JEFFERSON CITY, MO (KTVI) - "Stop shaking down citizens and using them like an ATM. "That's the message from Glendale Republican State Senator Eric Schmitt. Schmitt is sponsoring legislation this winter to limit the revenue from traffic tickets and code violation fines towns and cities may use for government expenditures. Senate Bill 572 follows the success Schmitt had last year with the Senate Bill 5 to reform what he called a broken municipal court system. He and other critics worry local governments will pass new "taxation schemes" to make up for revenue lost after the legislature capped local revenues acquired from traffic ticket fines. "I think we've seen a breakdown of trust between people and their government, people and their courts and that's what this is about," Schmitt said.
He added ���We’ve seen excessive ticketing. We've seen people getting tickets for having three people at a barbecue." Supporters of the bill say it is time to stop such profiteering practices. A public hearing on SB 572 Wednesday drew a crowd of supporters. However no mayors from any targeted municipalities showed up. The law would affect the entire state, but communities in St. Louis County would be limited to a 12.5% cap while other towns across the state could collect as much as 20% of their budget from traffic ticket and violation fines.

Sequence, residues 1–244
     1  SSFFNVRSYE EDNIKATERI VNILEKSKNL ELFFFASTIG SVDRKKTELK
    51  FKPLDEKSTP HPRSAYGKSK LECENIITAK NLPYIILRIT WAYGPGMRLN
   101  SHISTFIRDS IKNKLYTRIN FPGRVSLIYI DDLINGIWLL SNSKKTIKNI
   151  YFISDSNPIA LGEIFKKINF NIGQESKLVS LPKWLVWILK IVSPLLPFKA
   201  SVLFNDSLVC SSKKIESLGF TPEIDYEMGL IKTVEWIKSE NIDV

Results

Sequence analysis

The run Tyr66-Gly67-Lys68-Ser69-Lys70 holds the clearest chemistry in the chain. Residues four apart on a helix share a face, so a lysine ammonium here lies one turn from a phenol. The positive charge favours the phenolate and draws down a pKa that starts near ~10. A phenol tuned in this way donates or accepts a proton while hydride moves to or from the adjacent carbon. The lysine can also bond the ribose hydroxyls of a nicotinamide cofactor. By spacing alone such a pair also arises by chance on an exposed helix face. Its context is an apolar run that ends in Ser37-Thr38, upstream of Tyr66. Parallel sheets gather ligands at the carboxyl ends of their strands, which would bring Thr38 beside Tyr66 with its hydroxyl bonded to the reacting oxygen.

Schmitt said it is not his intention to limit the enforcement of traffic rules and real estate standards. "This just limits the amount of money you can get from all of your municipal violations because what we've seen is an abuse.”
Fines collected in excess of the cap would be turned over to school districts.
Among those testifying Wednesday was a Pagedale resident who told senators her home had been repeatedly targeted by Pagedale city inspectors. Valerie Whitner estimated she had paid the city as much as $3000 in fines for chipped paint, tree branches that fell during a storm, a piece of paper on the lawn, and allowing her grass to grow too high in an inspector's estimation. After a Pagedale inspector threatened to have her home demolished, she filed a federal lawsuit against the city with the help of The Institute for Justice, a not for profit legal organization.
At least a dozen mayors from North St. Louis County are also in court trying to overturn the municipal court reform bill and the 12.5% revenue cap on traffic ticket and code violation fines.